Bobby Womack Discloses Alzheimer's Diagnosis
The 68-year-old soul singer recalls his doctor saying, "it's not bad yet but it's going to get worse."
Bobby Womack, the soul singer behind such songs as "Lookin' for a Love," says he's been diagnosed with early signs of Alzheimer's.
In an interview with the BBC's Gilles Peterson, the 68-year-old revealed he's had a hard time recalling names and songs. "The doctor said you have signs of Alzheimer's," he said. "He said it's not bad yet but it's going to get worse. ... How can I not remember songs that I wrote? That's frustrating."
The R&B singer-songwriter launched his music career in the early 1960s as lead singer of the group The Valentinos and playing guitar for Sam Cooke and Aretha Franklin. He penned the Rolling Stones' first No. 1 hit in the U.K, the song "It's All Over Now." He later went on to start a solo career in the late '60s with a cover of The Mamas & The Papas' "California Dreamin.'" Subsequent hits include "Lookin' for a Love," "That's the Way I Feel About Cha," "Harry Hippie," "Across 110th Street" and "If You Think You're Lonely Now."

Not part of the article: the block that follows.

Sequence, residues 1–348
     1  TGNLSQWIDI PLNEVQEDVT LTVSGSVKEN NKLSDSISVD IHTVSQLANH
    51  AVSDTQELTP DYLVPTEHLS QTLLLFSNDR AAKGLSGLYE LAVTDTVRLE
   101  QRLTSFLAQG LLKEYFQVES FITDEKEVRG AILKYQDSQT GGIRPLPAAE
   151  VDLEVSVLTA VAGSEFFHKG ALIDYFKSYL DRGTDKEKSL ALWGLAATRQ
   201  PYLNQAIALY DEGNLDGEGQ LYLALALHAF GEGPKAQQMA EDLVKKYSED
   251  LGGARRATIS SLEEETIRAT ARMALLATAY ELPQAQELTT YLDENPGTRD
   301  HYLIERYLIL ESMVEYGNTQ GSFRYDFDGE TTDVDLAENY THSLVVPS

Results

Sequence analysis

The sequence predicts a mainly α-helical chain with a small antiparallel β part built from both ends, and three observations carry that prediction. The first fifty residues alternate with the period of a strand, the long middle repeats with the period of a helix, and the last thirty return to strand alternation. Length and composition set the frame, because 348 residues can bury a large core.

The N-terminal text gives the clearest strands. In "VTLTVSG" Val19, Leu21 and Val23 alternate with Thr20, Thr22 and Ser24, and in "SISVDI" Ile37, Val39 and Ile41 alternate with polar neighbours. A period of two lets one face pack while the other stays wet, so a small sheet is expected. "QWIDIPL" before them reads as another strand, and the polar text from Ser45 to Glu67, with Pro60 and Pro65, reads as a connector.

In June 2012, he released The Bravest Man in the Universe, his first album of new material in 18 years. It was produced by Blur and Gorillaz singer Damon Albam.
"I don't feel together yet because negative things come in my mind and it's hard for me to remember sometimes," Womack told the BBC. "The most embarrassing thing was when we were getting ready to announce Damon and I can't remember his last name. That's so embarrassing."
Womack was inducted into the Rock and Roll Hall of Fame in 2009.
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